President Clayton Spencer’s statement on climate change and divestment

Dear Members of the Bates Community,

I write to outline important aspects of our institutional response to the urgent problem of climate change and to address the question of whether the college should divest its endowment from the fossil fuel industry.

Climate change poses a momentous threat to the overall quality of life on Earth. Bates takes this threat seriously and has responded over the years in a variety of ways. The college has been a leader in environmentally sustainable practices and has committed significant resources that have reduced energy consumption and altered our ways of doing business. Along with other institutions, Bates has committed to reducing our carbon footprint with the ultimate goal of carbon neutrality.

Members of the Bates Energy Action Movement (BEAM), a student organization, have conducted a thoughtful campaign since the fall of 2012 urging the college to divest from the 200 companies that hold the largest fossil fuel reserves. We have considered this request seriously, met with student advocates to understand their arguments, studied the literature on the subject, and analyzed the impact of divestment on our endowment and institutional mission. I personally have met with students from BEAM a number of times, and, within the past year, other members of the college administration and the Board of Trustees have also discussed the pros and cons of divestment with the students. These meetings have included conversations with the Board’s Investment Committee and with the chair of the Socially Responsible Investing Subcommittee.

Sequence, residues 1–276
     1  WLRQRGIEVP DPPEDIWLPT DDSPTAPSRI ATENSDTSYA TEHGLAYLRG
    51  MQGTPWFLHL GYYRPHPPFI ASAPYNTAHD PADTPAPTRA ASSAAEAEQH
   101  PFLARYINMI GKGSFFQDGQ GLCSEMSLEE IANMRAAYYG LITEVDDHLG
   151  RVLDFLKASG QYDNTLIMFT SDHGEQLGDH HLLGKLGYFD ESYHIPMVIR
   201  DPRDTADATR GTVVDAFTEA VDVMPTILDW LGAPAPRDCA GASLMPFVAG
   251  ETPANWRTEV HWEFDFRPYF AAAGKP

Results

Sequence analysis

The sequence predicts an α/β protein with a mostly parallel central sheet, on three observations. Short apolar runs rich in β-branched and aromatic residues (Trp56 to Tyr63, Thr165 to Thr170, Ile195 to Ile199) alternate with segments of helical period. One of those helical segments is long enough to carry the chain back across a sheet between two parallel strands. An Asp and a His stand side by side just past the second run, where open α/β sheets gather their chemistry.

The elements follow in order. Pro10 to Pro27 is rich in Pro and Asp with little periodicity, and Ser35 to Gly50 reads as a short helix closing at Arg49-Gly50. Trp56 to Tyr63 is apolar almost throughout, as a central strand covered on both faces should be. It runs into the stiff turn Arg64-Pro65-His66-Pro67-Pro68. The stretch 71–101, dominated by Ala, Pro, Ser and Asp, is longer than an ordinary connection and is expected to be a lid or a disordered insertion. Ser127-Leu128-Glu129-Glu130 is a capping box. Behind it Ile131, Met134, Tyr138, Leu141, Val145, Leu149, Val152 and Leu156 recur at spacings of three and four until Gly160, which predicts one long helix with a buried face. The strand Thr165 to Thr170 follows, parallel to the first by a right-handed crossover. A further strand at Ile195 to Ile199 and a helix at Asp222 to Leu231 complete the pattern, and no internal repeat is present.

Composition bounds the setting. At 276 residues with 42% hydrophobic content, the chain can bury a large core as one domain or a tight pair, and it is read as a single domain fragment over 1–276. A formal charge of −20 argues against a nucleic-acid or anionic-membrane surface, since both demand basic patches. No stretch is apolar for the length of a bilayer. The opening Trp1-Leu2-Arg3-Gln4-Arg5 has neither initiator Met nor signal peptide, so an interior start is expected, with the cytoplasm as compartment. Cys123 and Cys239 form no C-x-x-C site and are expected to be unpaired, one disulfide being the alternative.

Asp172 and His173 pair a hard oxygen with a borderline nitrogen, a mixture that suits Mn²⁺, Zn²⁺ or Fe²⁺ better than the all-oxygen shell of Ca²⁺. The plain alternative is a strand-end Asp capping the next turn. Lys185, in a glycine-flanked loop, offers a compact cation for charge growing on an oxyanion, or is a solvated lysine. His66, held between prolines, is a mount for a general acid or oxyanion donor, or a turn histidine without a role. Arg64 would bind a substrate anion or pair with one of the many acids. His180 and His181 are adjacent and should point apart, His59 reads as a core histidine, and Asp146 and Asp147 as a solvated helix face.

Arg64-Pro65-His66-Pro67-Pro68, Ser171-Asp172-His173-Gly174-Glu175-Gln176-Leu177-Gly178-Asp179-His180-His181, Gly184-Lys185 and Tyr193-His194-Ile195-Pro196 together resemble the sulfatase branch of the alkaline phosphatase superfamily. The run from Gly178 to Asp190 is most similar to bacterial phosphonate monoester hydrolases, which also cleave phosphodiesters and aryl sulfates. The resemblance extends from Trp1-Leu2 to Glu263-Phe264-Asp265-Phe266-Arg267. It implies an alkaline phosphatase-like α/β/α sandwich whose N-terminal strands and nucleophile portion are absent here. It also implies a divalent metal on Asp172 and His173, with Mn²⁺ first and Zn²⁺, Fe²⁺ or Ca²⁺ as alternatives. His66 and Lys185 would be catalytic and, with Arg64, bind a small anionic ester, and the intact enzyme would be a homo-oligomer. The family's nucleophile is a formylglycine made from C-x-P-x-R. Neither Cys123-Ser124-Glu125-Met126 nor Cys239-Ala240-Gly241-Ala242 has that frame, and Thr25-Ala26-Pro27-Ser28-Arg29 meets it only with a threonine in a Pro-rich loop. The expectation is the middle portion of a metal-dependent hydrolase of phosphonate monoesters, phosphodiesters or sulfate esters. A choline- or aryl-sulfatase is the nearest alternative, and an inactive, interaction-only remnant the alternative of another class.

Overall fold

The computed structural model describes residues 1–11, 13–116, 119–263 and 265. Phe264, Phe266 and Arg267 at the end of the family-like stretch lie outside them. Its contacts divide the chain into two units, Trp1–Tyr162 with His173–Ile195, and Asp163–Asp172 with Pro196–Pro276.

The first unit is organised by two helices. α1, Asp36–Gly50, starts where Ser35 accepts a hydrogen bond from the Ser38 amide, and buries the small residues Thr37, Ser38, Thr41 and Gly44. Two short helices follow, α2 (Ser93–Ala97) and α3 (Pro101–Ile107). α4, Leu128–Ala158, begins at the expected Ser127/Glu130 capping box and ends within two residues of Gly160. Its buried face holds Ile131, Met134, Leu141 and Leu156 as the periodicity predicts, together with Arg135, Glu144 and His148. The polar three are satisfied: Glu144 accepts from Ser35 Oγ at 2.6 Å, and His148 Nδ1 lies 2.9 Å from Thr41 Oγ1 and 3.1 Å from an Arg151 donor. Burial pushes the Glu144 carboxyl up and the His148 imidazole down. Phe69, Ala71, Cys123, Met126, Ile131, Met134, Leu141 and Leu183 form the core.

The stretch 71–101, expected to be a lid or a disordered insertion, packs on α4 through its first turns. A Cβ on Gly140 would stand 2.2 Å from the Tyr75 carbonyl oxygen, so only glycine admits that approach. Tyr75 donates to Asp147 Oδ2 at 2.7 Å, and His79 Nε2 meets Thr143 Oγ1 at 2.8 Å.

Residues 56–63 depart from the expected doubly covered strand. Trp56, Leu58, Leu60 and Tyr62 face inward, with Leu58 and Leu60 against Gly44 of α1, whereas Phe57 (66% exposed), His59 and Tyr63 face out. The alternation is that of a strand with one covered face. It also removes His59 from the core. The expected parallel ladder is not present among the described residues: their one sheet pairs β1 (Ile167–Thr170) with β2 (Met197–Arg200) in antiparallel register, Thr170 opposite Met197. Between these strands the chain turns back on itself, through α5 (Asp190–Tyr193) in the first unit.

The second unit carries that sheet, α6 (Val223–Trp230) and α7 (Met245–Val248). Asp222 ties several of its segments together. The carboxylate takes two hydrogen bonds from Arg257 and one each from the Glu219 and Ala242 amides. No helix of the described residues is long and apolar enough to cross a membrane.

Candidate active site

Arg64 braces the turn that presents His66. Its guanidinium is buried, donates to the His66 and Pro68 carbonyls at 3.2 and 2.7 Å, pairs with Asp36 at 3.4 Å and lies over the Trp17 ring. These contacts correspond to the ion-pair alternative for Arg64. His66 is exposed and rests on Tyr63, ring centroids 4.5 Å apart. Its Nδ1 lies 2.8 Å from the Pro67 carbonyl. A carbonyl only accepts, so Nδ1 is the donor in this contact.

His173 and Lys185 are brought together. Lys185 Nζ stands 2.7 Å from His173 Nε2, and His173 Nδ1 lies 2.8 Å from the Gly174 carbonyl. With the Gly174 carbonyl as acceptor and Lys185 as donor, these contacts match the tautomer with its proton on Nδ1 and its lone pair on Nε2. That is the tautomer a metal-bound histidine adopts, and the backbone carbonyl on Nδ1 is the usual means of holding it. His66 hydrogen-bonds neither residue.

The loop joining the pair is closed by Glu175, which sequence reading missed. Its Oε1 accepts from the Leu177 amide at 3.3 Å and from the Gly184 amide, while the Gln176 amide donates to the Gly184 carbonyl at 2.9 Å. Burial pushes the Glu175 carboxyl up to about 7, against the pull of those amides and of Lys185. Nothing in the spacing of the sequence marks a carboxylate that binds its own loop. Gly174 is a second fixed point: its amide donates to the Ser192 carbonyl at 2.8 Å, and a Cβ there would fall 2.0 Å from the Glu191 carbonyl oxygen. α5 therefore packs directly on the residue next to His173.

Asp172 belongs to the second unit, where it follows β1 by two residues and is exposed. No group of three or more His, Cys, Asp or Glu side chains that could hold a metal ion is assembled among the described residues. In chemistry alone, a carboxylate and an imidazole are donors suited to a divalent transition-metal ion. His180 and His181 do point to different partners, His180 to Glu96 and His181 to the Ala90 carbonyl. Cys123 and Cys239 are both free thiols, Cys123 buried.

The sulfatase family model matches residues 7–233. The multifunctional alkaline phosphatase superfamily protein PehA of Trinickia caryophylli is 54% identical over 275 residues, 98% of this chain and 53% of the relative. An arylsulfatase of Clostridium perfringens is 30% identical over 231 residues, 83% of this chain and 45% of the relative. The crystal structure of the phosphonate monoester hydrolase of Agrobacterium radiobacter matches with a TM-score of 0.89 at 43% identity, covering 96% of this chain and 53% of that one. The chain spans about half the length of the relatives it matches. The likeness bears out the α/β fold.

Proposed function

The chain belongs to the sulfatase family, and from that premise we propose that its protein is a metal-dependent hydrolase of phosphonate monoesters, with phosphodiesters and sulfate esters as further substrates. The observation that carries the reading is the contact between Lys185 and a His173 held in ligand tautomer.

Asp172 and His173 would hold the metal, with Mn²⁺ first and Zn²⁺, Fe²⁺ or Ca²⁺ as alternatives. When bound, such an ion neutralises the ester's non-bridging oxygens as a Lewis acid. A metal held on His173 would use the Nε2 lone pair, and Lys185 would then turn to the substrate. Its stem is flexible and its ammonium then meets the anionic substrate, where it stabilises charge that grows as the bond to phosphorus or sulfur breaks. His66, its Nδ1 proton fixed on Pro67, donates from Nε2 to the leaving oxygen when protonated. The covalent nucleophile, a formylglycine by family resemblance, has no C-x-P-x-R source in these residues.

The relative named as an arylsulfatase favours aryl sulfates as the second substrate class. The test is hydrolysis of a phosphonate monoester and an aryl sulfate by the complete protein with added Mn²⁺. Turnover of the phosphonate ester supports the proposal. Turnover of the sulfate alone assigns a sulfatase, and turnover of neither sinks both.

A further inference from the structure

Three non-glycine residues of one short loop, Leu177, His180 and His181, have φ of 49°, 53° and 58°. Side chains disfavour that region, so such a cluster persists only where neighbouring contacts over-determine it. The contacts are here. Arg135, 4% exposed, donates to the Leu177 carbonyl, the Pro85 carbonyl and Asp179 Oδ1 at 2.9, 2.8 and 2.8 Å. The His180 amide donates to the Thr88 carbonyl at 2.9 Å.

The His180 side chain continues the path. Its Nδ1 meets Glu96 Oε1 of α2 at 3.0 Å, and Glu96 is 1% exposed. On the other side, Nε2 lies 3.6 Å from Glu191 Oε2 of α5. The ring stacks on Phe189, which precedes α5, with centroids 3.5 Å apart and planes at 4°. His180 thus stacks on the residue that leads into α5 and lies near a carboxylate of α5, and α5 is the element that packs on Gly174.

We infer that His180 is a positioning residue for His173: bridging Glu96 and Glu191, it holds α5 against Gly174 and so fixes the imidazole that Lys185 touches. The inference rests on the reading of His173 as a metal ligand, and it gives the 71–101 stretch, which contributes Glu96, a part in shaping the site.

Based on these interactions over a period of time and a careful review of the full range of implications, the Board of Trustees has chosen not to alter its current framework for endowment investment to divest from the fossil fuel industry.